In  1960  Rev  Roberts died  and was succeeded  by  Rev  Lionel  Ouvry who  remained at Grayswood until 1974. The changing lifestyles of the 1960’s put pressure on many churches, but Rev Ouvry worked hard to maintain a flourishing parish. In 1962 another parish appeal raised sufficient funds to restore the spire shingles, the organ, and renew the electrical system and the heating.

Times of Change for the Parish in the 1970s and 1980s

By the 1970’s, the Church of England’s finances were such that in small parishes, such as Grayswood, a full time Vicar could not be sustained, and so in 1974 when Rev Ouvry retired the prospect of a part-time clergyman became a reality. The churchwardens and parishioners fought hard to maintain the independence of Grayswood and were rewarded by the appointment of a Priest-in-charge who would combine his parish work with that of Diocesan Communications Officer. Thus it was in February 1975 that the Rev Geoffrey Curtis was inducted to the Parish of Grayswood and a new era had begun.

Geoffrey immediately began to use his considerable communication skills to reorganise the parish to provide full time support to a part-time minister and in this he was supremely successful managing to involve the laity in all aspects of church work. In 1976 he spearheaded the successful campaign to prevent closure of the village school, and throughout his time at Grayswood fostered the involvement of the people of Grayswood in village life and gave special attention to the needs of the sick and elderly.

In 1985, the Diocese wanted Geoffrey to spend more time on Communications and so they agreed to the appointment of Rev Geoffrey Tickner as curate to the Parish. During the next 5 years Rev Tickner, who was a keen musician and singer, strengthened the choir and encouraged other musical events within the parish.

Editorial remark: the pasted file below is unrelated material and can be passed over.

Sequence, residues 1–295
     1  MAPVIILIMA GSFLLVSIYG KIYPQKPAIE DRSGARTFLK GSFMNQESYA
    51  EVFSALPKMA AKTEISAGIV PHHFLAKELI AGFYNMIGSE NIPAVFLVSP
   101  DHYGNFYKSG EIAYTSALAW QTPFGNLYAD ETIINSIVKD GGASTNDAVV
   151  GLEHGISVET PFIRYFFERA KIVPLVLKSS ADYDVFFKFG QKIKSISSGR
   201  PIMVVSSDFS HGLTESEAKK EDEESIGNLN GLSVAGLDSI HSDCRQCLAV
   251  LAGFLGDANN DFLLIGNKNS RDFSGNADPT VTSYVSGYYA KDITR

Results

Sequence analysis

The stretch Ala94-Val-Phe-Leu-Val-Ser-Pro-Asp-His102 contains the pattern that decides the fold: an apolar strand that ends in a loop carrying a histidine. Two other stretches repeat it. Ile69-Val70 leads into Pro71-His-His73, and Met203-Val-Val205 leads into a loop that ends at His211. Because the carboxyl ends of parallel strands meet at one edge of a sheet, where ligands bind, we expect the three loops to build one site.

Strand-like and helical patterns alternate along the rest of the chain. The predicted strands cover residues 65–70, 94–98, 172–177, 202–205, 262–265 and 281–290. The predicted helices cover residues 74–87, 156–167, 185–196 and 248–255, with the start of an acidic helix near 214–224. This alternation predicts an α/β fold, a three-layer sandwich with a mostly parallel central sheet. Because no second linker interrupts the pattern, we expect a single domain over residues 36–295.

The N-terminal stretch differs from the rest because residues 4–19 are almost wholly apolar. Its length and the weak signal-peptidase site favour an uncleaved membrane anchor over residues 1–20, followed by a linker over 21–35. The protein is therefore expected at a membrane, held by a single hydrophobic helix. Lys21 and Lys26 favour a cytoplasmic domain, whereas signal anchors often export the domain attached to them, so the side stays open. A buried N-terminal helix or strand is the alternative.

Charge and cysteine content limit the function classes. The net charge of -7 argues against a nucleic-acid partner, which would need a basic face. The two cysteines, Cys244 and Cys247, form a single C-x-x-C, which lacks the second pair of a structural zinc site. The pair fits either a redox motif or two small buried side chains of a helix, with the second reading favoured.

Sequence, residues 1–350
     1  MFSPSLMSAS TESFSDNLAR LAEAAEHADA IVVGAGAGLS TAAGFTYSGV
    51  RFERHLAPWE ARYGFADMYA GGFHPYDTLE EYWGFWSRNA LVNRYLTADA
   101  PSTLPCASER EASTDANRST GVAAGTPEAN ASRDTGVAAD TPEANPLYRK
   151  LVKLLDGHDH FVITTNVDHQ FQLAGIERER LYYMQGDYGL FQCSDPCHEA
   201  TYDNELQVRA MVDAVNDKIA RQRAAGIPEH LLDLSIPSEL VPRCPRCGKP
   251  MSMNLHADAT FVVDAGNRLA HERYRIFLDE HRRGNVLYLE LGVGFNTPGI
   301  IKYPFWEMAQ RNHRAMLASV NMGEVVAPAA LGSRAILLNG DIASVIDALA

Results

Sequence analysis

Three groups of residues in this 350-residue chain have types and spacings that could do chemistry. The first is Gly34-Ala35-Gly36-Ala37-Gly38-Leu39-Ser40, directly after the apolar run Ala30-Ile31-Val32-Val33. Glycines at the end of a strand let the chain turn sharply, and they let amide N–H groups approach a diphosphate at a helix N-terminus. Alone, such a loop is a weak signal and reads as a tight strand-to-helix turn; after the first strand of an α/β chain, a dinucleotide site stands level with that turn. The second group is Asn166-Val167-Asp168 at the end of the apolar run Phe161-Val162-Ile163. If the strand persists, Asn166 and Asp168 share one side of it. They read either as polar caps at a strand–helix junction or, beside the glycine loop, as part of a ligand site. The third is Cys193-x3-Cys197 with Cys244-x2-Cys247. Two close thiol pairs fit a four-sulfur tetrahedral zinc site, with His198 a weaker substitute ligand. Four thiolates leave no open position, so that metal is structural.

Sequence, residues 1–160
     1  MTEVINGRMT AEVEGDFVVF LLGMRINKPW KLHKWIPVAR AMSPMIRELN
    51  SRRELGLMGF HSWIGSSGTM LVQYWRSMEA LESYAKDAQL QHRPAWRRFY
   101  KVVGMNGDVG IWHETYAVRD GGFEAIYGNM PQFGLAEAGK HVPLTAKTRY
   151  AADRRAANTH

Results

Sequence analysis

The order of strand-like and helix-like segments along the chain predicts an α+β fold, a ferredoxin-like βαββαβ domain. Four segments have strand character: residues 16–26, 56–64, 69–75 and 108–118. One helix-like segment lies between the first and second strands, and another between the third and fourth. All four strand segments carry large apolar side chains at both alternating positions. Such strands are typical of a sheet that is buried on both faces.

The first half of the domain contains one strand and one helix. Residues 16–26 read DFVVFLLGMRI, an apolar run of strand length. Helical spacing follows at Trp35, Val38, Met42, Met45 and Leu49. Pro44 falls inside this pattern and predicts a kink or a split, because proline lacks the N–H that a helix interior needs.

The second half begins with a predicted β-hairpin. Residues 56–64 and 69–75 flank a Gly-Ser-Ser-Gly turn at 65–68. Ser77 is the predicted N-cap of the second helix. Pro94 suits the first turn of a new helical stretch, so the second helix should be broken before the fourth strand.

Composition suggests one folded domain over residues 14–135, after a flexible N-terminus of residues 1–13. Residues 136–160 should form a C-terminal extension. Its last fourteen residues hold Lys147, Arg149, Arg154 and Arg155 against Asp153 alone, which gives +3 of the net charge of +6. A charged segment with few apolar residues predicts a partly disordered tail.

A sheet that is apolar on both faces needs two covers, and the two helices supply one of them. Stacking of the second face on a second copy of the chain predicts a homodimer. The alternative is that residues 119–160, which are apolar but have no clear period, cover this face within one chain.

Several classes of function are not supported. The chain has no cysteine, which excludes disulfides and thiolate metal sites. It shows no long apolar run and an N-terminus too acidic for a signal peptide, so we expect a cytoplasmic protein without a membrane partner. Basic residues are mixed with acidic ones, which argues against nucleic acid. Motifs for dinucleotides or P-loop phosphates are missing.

The 1990s and the New Millennium

In 1990, Rev Tickner accepted a full-time post at New Haw and Rev Curtis was asked to work full-time on Communications. By the end of 1990 Grayswood had a new Priest, the Rev Jonathan Shaw, who would combine his parish work with that of Chaplain to the Royal Naval School, now the Royal School.

Jonathan was great family man and together with his wife Hazel they built up family involvement in the church. He used his skills as a teacher to good effect when he led the successful 1992 and 1995 campaigns to prevent closure of the village school. Two major parish appeals were launched in the 1990’s, one in 1993 raised £8,000 for the overhaul of the organ and the other in 1995 raised over £5,000 to help build the new village hall. The new village hall was opened in 1997, and was funded by grants, trusts, village events and appeals together with £150,000 from the Millennium Fund.

In 1999 Rev Shaw accepted a full-time position of Vicar in Mill Hill and once again the way ahead for the parish was in the spotlight. After much discussion it was agreed that Grayswood and Haslemere would become a United Benifice, but Grayswood would maintain a large  degree of independence. In June 2000 the Rev Kate Atkinson was installed as Priest-in-charge, the position is unpaid, but she would live in Church house in return for ministering to the parish for 3 days a week.

Barbara Steele-Perkins succeeded Kate in 2003 and remains the incumbent priest at the Church to this day.

We are indebted to James Mackie for graciously allowing us to use information from his book “A Short history of All Saints Church Grayswood” in compiling this short profile of our church